It is also equally rare to find the pursuit if costly grace today. Hungering to hear the Word of God. Being willing to forsake all to receive forgiveness in Christ. Looking to Jesus above all other treasures in life. These qualities are equally rare. We might look at Bonhoeffer’s life and wonder if we would have done the same. When marching toward the prison doors of the concentration camp, would we have remained steadfast in the faith? But, what we fail to realize is that the same pressures are upon us today – the details are simply different. The only reason Bonhoeffer was resolute in his faith is because he knew and trusted what Jesus had done for him. Once he had that nothing else mattered. The pressures upon us may seem softer than imprisonment and death and in a way they are. But, we, and all Christians, must still wrestle with the bigger issue that Bonhoeffer faced. Not what the Nazis could do to him, but how he could have costly grace, and not cheap grace.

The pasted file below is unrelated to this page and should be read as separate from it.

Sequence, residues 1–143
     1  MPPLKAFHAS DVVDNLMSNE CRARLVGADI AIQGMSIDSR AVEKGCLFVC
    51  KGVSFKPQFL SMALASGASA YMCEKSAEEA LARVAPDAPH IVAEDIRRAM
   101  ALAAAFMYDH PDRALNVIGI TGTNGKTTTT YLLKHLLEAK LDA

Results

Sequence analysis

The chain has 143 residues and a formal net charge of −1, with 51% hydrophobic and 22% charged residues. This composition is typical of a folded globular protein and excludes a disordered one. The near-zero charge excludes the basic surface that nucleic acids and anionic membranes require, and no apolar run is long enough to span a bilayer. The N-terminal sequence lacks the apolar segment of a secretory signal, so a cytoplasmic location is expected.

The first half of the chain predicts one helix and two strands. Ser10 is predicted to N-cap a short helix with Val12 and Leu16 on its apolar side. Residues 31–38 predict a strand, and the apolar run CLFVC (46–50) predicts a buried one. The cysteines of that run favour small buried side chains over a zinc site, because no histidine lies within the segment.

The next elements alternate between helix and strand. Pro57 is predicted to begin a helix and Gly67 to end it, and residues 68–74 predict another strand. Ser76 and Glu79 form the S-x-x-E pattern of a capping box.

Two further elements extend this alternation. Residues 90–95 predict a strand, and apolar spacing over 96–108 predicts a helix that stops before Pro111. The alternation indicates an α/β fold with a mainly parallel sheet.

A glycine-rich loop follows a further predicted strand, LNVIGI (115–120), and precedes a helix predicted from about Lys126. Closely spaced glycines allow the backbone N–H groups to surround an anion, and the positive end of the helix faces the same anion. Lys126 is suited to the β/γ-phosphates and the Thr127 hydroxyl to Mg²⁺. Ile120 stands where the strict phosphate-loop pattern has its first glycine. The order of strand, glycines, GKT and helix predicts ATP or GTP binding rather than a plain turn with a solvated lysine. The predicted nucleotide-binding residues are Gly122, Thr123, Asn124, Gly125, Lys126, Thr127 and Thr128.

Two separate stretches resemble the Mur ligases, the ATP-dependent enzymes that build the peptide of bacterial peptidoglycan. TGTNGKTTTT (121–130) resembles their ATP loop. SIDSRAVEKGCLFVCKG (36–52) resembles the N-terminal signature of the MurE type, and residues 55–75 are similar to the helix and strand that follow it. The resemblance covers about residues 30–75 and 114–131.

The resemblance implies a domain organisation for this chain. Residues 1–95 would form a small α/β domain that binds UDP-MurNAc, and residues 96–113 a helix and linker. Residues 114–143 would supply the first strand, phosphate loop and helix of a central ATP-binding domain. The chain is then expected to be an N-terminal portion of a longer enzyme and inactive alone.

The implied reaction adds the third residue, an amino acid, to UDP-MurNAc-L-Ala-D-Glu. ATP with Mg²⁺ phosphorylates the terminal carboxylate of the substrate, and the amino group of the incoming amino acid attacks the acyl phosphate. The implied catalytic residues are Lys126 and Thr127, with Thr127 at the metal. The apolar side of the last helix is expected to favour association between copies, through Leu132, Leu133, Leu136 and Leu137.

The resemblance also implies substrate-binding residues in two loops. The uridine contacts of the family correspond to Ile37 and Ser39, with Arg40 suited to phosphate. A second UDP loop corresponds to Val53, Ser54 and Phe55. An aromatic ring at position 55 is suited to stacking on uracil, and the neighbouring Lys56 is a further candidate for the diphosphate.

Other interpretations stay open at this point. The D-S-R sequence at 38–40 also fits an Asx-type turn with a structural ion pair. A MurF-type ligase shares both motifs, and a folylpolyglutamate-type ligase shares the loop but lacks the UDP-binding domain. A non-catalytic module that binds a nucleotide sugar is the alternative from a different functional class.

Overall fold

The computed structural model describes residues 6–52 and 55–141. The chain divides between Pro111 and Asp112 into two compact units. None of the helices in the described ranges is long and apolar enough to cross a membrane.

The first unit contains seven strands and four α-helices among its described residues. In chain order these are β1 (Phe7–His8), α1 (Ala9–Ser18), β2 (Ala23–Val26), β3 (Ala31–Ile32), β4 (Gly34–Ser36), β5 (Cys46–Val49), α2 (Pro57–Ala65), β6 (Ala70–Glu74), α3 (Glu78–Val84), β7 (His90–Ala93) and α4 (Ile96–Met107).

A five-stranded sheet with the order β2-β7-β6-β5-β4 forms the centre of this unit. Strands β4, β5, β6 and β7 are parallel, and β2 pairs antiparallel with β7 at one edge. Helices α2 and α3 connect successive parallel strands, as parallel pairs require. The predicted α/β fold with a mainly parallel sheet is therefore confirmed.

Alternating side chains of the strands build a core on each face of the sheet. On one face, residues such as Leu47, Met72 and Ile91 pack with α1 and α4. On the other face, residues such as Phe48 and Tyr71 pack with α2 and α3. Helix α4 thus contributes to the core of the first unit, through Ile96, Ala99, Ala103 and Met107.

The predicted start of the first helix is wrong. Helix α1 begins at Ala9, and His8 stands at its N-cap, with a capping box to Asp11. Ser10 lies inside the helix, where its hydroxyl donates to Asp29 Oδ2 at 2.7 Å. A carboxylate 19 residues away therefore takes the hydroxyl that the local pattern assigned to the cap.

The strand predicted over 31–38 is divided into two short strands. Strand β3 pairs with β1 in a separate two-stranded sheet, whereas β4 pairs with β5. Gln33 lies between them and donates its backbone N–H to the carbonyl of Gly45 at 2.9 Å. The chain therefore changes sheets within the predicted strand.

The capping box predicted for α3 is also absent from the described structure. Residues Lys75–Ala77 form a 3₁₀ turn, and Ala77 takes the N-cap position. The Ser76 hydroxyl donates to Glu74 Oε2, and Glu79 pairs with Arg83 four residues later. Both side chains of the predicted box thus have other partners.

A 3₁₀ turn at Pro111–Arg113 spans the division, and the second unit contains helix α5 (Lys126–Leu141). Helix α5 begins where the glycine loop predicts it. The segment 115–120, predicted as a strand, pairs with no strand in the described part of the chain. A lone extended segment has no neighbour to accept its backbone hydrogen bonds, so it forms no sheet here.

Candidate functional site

The cost of discipleship involves service. Service to God. Service to other people – all kinds of people. Instead of worrying about what might be easy or what might be difficult – remember one thing. It takes grace. You can succeed because Your Heavenly Father has been merciful and forgiving to you. When He calls you to serve others, it’s not a requirement you must meet to get to heaven – it is a plea to give as you have been given, that others may be saved as well. Therefore, it’s not really about you at all – but all about Jesus. To give yourself up like that involves a cost – but one well worth it. The cost involves standing firm against false practice and false teaching. It involves repentance and humility. It involves love and self-sacrifice. It involves treating everyone equally, even if they don’t deserve it. When this service is offered, in faith in Christ as it only can be; it gives credit where it deserves to be given – to our gracious God.
The peace of God which surpasses all understanding will keep your hearts and minds in Christ Jesus.